The National Development Plan (NDP) aims to eradicate poverty and reduce inequality by focusing on growing an inclusive economy, building state capacity, improving education and healthcare, and society in general. While these broad terms sound good in theory, what are the concrete goals – in practice? In this blog series, we’ll look at each of the focus areas of the NDP, outlined in chapters 3 to 14 of the plan. Read part two – The NDP and the state here.


Chapter 9 of the National Development Plan deals with improving education, training and innovation.

  • Early childhood development must be made a top priority among the measures to improve the quality of education and long-term prospects of future generations.
  • Dedicated resources should be channelled towards ensuring that all children are well cared for from an early age an receive appropriate emotional, cognitive and physical development stimulation.
  • All children should have at least 2 years of pre-school education.
  • About 90% of learners in grades 3, 6 and 9 must achieve 50 percent or more in the annual national assessments in literacy, maths and science.
  • Between 80% and 90% of learners should complete 12 years of schooling and or vocational education with at least 80 percent successfully passing the exit exams.
  • Infrastructure backlogs must be eradicated.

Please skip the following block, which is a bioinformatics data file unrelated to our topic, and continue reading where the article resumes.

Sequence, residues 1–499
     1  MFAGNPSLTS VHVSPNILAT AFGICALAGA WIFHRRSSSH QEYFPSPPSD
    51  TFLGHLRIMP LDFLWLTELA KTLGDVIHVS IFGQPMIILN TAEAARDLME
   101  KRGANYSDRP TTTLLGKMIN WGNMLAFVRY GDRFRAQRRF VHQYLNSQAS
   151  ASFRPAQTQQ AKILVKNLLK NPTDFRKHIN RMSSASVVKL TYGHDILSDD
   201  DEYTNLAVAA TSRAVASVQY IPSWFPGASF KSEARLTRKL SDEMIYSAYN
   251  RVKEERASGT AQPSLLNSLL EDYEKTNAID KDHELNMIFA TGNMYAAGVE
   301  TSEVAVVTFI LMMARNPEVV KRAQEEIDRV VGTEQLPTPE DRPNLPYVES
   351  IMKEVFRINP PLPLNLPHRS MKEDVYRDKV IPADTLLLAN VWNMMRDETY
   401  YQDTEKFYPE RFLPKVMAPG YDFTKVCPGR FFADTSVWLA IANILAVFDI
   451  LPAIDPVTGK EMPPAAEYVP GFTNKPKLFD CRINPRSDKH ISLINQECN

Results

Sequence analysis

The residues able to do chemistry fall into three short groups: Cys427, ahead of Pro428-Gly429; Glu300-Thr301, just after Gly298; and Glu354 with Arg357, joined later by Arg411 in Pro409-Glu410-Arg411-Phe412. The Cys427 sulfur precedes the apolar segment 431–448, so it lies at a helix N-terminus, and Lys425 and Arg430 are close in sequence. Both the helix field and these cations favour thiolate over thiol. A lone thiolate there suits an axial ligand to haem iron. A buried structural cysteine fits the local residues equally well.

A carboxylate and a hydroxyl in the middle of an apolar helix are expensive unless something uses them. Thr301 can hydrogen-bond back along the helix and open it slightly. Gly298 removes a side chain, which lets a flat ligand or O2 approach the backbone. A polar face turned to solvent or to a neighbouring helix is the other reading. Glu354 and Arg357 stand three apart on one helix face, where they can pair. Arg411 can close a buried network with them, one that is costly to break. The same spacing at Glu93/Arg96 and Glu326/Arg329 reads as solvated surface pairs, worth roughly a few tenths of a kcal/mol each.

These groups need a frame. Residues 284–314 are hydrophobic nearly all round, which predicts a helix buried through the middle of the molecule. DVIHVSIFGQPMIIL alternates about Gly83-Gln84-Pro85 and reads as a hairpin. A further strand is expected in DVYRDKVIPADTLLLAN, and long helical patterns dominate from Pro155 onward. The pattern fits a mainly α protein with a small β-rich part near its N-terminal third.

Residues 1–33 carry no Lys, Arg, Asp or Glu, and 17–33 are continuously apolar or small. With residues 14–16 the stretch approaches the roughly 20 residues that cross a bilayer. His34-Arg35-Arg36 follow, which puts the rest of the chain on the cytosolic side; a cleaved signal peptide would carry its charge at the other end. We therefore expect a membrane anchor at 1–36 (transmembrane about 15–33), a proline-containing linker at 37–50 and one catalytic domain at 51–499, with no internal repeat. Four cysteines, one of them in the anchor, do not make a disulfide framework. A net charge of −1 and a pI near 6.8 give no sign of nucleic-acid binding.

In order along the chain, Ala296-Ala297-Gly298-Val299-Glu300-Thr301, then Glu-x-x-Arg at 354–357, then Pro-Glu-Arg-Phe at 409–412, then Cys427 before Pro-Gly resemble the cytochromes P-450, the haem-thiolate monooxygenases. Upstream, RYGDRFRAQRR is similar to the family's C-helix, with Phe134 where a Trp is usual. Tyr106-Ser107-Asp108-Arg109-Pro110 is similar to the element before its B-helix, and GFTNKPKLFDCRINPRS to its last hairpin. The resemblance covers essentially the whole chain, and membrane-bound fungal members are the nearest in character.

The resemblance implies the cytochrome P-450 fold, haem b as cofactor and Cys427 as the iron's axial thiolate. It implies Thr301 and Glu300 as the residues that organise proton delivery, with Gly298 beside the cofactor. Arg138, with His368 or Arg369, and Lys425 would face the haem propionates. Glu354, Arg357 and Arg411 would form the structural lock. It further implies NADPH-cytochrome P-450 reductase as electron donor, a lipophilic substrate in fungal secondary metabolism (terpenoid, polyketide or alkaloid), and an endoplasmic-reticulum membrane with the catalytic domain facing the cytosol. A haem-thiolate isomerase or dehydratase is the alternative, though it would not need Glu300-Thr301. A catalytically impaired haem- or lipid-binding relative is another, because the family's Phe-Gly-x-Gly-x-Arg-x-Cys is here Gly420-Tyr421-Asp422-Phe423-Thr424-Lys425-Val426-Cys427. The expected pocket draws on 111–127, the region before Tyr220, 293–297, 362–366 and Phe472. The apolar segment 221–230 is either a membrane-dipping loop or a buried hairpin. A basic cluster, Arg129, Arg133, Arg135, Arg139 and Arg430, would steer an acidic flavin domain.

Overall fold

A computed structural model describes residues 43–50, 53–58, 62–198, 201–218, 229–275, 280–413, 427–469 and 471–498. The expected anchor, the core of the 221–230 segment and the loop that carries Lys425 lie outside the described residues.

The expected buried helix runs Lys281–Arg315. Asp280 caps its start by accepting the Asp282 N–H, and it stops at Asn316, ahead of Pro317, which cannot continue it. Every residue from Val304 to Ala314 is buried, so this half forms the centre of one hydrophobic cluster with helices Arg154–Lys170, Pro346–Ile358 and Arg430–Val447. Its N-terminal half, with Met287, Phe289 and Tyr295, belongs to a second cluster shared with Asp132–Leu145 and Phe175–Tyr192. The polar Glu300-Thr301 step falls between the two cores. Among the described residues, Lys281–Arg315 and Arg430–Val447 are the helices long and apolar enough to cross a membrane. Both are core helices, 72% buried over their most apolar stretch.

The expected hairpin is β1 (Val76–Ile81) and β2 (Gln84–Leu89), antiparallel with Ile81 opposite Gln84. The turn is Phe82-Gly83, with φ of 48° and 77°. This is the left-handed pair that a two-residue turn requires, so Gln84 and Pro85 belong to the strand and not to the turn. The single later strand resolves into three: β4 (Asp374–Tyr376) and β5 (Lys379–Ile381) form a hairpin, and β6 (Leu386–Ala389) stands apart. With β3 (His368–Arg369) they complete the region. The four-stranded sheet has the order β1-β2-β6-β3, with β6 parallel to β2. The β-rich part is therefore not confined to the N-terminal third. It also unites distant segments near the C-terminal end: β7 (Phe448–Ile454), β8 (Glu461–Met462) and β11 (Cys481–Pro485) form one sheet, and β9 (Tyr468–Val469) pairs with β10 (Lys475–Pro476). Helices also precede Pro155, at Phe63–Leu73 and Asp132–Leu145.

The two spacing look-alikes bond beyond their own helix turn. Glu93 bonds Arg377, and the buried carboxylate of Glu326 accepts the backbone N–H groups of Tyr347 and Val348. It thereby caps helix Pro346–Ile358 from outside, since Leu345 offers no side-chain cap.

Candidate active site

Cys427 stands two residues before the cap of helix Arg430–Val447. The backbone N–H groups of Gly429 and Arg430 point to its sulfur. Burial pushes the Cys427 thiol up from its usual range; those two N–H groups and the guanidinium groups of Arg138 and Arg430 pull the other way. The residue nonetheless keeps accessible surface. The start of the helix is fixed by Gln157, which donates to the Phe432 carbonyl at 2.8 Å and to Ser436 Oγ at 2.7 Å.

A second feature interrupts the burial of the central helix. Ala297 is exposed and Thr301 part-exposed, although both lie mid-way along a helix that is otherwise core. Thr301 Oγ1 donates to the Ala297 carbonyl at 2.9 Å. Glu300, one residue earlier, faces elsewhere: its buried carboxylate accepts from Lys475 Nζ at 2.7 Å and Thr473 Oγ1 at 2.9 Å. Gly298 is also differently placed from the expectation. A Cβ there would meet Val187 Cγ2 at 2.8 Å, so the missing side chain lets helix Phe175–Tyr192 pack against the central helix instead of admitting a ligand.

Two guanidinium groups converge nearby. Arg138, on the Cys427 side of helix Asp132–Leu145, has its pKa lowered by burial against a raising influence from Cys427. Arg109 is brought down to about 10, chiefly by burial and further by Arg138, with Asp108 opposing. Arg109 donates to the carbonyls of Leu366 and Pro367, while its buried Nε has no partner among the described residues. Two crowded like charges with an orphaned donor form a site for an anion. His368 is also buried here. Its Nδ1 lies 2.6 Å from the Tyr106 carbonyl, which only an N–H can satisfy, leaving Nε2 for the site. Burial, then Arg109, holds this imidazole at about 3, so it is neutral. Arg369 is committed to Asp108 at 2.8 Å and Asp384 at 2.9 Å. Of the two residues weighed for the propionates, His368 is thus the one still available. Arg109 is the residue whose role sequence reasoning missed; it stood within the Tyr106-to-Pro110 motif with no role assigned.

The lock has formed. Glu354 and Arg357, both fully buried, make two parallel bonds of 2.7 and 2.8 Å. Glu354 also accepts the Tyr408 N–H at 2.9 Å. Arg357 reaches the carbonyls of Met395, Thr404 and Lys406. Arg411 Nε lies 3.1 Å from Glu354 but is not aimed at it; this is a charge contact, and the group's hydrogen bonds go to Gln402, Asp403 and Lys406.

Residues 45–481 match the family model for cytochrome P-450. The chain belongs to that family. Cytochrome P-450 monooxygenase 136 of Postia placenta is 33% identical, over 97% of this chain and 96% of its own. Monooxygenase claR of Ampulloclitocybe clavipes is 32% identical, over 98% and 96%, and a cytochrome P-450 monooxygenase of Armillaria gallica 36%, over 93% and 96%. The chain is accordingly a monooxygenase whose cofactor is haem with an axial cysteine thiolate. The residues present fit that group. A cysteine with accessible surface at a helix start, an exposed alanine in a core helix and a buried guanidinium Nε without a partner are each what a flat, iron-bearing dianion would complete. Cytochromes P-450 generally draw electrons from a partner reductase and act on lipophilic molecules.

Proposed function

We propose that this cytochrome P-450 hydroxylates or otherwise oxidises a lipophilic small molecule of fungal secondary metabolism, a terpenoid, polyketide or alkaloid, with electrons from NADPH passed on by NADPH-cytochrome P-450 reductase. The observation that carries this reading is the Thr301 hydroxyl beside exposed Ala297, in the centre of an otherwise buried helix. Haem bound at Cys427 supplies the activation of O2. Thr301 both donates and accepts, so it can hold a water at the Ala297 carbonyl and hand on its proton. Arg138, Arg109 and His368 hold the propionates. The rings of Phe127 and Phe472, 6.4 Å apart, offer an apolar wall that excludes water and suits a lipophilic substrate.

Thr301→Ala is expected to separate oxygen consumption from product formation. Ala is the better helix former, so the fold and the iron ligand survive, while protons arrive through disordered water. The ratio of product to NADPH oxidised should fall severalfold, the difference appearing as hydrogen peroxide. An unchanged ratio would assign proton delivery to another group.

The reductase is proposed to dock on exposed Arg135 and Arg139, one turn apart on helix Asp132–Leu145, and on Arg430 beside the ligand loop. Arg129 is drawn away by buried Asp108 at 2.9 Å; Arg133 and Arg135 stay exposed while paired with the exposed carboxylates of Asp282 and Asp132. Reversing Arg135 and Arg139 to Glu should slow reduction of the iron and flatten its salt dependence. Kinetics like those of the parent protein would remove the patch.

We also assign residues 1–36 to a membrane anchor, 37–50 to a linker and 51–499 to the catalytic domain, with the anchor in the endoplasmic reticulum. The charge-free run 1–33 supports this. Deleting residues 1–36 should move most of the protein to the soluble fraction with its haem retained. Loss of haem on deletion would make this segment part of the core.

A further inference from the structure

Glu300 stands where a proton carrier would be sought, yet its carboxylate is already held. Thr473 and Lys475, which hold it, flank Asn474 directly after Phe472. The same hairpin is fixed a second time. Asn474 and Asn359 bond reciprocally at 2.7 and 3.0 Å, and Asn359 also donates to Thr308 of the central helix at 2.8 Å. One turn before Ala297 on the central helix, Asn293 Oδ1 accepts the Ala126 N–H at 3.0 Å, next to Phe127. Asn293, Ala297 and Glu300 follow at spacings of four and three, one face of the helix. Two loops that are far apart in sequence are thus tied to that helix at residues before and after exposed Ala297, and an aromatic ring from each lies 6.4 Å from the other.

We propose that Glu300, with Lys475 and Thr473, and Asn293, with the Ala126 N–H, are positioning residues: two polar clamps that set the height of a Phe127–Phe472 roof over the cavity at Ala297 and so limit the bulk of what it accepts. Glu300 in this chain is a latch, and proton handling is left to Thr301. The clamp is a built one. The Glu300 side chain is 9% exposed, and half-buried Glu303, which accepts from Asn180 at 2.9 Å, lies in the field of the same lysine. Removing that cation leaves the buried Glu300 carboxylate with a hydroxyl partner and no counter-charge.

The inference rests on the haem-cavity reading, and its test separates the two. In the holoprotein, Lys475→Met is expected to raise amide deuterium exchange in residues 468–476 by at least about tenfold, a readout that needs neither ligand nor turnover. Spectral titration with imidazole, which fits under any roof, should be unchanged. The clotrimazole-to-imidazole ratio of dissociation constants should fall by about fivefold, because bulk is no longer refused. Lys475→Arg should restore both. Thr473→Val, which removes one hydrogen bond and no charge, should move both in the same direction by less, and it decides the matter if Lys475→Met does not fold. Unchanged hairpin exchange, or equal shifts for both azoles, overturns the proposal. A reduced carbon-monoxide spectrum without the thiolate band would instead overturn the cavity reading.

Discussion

• Ensure that all schools meet the minimum standards by 2016.
  • Expand the college system with a focus on improving quality. Better quality will build confidence in the college sector and attract more learners. The  recommended participation rate of 25% would accommodate about 1.25 million enrolments.
  • Provide 1 million learning opportunities through Community Education and Training Centres.
  • Improve the throughput rate to 80% by 2030.
  • Produce 30 000 artisans per year.
  • Increase enrolment at universities by at least 70% by 2030 so that enrolments increase to about 1.62 million from 950 000 in 2010.
  • Increase the number of students eligible to study towards maths and science based degrees to 450 000 by 2030.
  • Increase the percentage of PhD qualified staff in the higher education sector from the current 34% to over 75% by 2030.
  • Produce more than 100 doctoral graduates per million per year by 2030.
  • Expand science, technology and innovation outputs by increasing research and development spending by government and through encouraging industry to do so.

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